When I got back to my room, this guy was sitting on my desk, and since he asked me politely, I let him hold my Nockers.


Worst Birthday Ever

I turned 50 today, not something I was looking forward to, and to sweeten the pot, Dana died last night. I can’t tell if my eyes and nose are watering because I’m crying or because of the rotten cold I’ve got.

My one twinkle of joy is that one of my favorite people in the universe wrote a hauntingly lovely song for me:

How often does something like that happen?

I know that pets die, viruses don’t, and aging is inevitable.

Still, is today a harbinger that my 50’s are going to suck? Or is this just my 40’s going out with a bang instead of a whimper?

A Tale of Two Kittens

Plato and Dana were about ten days old when they came into our lives.

PENTAX DIGITAL CAMERAWe had always wanted a cat, but our previous landlord lived in our building and hated all living creatures. She said I could get a fish, but the thought of curling up at night with a guppy was unappealing.

Scroll forward a few years. I was pedaling home from work one evening and saw a sign in a pet shop window:

猫!猫!子猫! (Cats! Cats! Kittens!)

We had recently moved and our new landlord lived in Saitama, safely far enough away that he would never be the wiser.

Someone had abandoned a litter of five tiny kittens in a cardboard box at the shrine down the street. I took that as a good sign, not the abandonment—that was flat out evil—but I thought the kittens might be blessed in some way. One of the neighborhood ladies had taken them home, but she already had three kids, two dogs, a cat, a goldfish and a turtle, and was pretty desperate to find homes for the kittens.

Dana was the liveliest, and prettiest, of the bunch. It was love at first sight for Rochi, not so much for Dana; her eyes weren’t open yet. The three kids gave their mom a beseeching look; Dana was obviously the one they wanted to keep, but mom shot them a warning glance that said, “We talked about this. Let them take whichever they’re willing to take.”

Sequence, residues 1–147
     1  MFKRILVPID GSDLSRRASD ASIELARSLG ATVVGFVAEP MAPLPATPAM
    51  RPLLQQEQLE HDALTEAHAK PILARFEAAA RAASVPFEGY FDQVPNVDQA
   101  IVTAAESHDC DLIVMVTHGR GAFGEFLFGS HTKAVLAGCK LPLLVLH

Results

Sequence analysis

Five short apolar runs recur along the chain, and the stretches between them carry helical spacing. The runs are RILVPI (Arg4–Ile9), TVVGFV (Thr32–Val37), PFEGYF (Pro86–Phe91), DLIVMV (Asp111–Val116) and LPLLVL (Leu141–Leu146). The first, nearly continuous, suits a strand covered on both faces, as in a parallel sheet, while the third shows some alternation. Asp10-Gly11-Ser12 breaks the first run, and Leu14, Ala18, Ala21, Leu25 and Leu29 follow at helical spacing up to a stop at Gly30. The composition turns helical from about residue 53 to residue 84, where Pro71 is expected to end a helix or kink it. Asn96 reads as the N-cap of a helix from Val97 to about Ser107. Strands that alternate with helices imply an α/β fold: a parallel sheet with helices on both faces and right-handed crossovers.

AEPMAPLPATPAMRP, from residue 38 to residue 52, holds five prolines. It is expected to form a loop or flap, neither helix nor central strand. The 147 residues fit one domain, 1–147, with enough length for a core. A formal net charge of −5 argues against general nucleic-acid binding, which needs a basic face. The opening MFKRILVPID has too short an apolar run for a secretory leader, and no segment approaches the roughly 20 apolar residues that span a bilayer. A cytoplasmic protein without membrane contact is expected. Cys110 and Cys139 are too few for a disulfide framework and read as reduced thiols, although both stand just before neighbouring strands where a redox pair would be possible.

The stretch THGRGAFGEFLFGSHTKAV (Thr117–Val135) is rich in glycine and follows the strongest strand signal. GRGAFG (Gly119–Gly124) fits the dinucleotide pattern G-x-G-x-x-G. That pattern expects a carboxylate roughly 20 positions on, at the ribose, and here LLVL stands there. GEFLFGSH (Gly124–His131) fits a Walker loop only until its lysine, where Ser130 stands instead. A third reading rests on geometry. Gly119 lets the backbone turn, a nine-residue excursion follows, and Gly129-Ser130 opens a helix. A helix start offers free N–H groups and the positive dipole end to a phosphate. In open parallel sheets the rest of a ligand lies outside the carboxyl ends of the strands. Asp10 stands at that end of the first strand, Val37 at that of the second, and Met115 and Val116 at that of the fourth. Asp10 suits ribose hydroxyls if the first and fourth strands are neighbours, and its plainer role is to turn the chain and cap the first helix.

“I want this one,” says Rochi. (Duh.) “Which one do you want?”

I pointed at Plato, who was curled up in a ball, fast asleep and partly buried under other warm, furry bodies.

“Why that one?”

“Because he’s fat. He’s got a better chance of surviving.” I am inanely practical at times.

We took them home, made them a nest of fake fur and started feeding them kitten formula from tiny baby bottles. We’re the only parents they ever knew. Proof of this is that neither ever did the kneading thing, which is a memory of nursing. All they remember is mom had rubber nipples.

PENTAX DIGITAL CAMERA090319_1137080203_1933~02








Scroll forward again, fifteen years this time. Plato got sick. I did my best to keep him alive but eventually he died. I posted about that at the time and won’t go into it now.

120621_2108~01One final scroll forward, this time a year and a half. Last week, Dana got sick. Really sick. So sick that we accepted it was over and would have to make our peace with that. Then Monday morning, I got up early. She followed me into the kitchen, looking hungry, and ate a bit of canned tuna. I did a little jig, then went back to bed to wait for Rochi to wake up. When he did, I touched his shoulder and said two words. “She ate.” He nearly jumped out of his skin (I  NEVER speak first thing in the morning) but quickly recovered himself and did a little dance on the way downstairs.

She’s still weak and won’t eat much, but she is eating. We have no idea how much time we’ve got left with her, but it looks like it may be a while.

I guess the point of all this is that I have no religion and don’t believe in God, but I do believe in hope. Without hope, there’s nothing, and for the time being at least, I’ve still got that.